It was definitely recognisable as that, but with a totally different
feel, much more cruisy and laid back. Very nice stuff.
Then there was the 'surprise guest' Jimmy Barnes, who was once considered
as a possible replacement for Gillan in DP, around the time of the
Jolene Turner era. Maybe he would have been a better choice? As stated
at the beginning, I'm not a huge fan because, as others have said,
Jimmy 'only has one gear' as a singer. That aside, he’s without doubt
one of the great rock'n'roll screamers. Barnsey's voice is what Brian
Johnson's aspires to be, but Brian's ends up sounding more like Donald
Duck on speed - whereas Barnsey can actually pull it off, and manages
to get the power behind the scream. What's wearing about listening
to him though, is that that's all he does, which ends up leaving the
impression that it's all he can do - that he's not at all capable
I've got to say that on Friday night he showed that he really can
sing. In a smaller venue, without the expectation that he'll sing
the 'bit hits', he managed, at least for a time, to drop down a gear
and allow the songs room to breathe. Not so much in Muddy Waters'
'Hoochie Coochie Man' though, which was one of the highlights of the
night! That song lends itself to a bit of screaming and Barnsey sang
it superbly. But in the one Purple song of the night, When A Blind
Man Cries, he sang with considerable feeling. Very nice to hear an
alternative take on this song, and that was also a standout for me.
Apart from the blues standards, there were a few bits'n'pieces that
Jon had dug up from the 60s. There was the instrumental piece from
The Artwoods(?) era, featuring the Hammond as lead instrument, originally
done by Booker T and the MGs, ‘Green Onions’.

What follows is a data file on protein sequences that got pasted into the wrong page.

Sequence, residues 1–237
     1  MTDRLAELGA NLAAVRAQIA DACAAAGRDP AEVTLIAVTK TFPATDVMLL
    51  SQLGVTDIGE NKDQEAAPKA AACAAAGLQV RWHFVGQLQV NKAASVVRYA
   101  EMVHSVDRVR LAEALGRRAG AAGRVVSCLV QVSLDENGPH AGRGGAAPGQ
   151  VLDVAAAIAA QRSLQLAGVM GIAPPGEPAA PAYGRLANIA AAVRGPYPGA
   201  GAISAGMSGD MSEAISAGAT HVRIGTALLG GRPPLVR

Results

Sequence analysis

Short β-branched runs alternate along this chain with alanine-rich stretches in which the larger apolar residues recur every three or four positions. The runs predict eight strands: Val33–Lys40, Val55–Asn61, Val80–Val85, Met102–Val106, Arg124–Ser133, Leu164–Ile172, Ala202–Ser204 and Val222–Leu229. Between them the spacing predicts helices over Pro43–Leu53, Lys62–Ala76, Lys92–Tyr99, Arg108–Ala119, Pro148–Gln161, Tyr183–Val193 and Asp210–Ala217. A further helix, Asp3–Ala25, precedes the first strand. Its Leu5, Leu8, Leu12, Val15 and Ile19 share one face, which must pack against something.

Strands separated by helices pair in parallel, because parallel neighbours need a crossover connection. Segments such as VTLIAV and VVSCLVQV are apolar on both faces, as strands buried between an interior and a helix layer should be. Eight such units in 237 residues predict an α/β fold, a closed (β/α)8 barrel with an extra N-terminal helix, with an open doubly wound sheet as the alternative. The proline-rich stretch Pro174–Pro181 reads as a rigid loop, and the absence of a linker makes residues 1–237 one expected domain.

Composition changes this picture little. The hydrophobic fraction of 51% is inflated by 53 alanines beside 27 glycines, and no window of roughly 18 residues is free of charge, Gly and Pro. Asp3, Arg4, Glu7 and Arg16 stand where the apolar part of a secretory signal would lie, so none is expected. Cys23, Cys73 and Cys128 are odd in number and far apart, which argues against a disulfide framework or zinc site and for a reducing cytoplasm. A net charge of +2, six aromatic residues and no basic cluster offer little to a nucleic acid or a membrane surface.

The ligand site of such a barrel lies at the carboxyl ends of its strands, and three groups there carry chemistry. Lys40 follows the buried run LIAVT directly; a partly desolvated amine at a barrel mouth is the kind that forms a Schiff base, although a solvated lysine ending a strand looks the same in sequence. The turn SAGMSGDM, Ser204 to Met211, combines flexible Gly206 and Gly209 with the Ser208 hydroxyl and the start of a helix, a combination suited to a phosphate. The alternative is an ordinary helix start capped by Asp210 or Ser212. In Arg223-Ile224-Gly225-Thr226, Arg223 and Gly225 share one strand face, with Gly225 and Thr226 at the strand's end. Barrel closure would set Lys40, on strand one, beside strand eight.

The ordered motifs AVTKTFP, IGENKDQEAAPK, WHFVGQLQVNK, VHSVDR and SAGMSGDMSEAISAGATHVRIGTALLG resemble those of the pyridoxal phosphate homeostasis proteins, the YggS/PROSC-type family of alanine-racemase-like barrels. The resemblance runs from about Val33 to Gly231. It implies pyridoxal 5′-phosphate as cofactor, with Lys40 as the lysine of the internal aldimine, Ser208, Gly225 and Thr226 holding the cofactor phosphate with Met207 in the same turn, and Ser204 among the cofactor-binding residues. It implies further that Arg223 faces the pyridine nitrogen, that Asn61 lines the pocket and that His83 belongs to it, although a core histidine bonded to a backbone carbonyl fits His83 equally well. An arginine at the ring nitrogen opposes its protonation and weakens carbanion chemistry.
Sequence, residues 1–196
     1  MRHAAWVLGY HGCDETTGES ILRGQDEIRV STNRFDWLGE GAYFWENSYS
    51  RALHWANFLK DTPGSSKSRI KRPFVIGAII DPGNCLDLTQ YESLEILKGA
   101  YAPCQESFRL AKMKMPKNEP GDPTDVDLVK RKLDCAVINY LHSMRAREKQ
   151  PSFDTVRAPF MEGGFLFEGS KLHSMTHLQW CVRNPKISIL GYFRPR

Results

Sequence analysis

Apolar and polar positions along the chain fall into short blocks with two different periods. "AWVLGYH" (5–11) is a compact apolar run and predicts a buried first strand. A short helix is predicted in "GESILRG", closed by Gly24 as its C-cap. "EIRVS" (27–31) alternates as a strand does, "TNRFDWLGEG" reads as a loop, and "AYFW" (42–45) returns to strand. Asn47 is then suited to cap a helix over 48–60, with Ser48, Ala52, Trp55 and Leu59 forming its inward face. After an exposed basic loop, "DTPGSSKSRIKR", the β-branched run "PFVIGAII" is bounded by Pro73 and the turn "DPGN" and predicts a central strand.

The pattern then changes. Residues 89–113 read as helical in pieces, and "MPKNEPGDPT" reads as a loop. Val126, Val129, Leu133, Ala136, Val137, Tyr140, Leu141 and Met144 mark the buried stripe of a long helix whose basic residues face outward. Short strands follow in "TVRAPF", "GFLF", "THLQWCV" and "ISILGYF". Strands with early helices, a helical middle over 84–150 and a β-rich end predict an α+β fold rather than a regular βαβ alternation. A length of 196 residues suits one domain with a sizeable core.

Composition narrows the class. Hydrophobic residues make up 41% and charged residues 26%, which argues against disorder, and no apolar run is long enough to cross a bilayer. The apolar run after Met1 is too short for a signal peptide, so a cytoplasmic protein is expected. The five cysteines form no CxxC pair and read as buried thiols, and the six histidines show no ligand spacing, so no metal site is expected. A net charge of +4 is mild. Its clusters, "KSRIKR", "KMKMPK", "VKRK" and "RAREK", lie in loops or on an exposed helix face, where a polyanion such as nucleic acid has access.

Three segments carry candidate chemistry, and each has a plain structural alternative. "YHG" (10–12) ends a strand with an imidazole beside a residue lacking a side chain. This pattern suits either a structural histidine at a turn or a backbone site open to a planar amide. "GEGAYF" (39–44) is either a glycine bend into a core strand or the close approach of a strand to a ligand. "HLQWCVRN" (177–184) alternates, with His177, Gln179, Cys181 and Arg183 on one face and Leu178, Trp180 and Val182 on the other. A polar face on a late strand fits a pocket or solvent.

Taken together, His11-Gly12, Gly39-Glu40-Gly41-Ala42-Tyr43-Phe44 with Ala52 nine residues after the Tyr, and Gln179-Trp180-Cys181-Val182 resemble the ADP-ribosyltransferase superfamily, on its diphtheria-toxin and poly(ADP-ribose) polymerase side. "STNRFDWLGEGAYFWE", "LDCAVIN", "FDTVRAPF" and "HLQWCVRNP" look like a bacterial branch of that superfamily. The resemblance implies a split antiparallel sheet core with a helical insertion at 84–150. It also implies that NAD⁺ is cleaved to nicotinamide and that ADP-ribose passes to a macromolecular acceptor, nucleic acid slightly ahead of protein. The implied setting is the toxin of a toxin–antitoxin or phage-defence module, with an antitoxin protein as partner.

There was also the majestic intro on the Hammond that featured bits
of Lazy and a couple of other Purple snippets.
In the 'powder room' a lady asked my wife Tracey what she thought
of the show. It turned out she was Bob Daisley's sister and she said
"we're all very proud of him"! Tracey said that, as much as she loved
the show, she was a bit disappointed not to have seen the originally-intended
show with the string quartet, etc. Bob's sister said Jon was disappointed
too, but that he'd had such a great time he said he'd like to come
back next year and would like to make it an annual thing! That would
be very nice indeed for we in Oz! Though every year might be a bit
too much to hope for. Then again, he seemed so relaxed, tanned and
effusive after his time here that, who knows, maybe he'll move out
He's obviously been enjoying the change of pace (Paice?) and mentioned
that his wife and daughters were at the show too, so I guess it’s
been a family holiday as well as ‘work’.
It was a great night, and a real treat to hear the master of the Hammond
at such close quarters. Very much looking forward to the next chapter
in what's looking like a whole new creative era for Jon Lord.
Hmm! There seems to be quite a few people who have beaten me to writing
a review of this performance. Must have too much time on their hands.
Or, more likely, I'm just too slack. However, this is good for me
for two reasons:
1. I get to read other people's opinions of the show, which I have
just enjoyed doing.
2. I don't need to write so much and say it all again.
So instead, I just want to add one point.
When I bought my ticket, I bought it to see Jon Lord promote his Pictured
Within album, and I was really looking forward to going. The idea
of Jon playing a set based around the classical piano and his excellent
solo material was just to good to miss.
But - had I known that he would actually be performing blues classics
with a blues band that I hadn't heard of, there is no way I would
have gone. It's as simple as that.
Then again, some things are meant to be. You see, for me it wasn't
about music style. It wasn't about song choice. It wasn't about musical
precision or showmanship.
Friday night was about Jon Lord and The Hoochie Coochie Men having
the best time playing their music together, and sharing that time
with me. And that's something special and rare.
you. It was wonderful.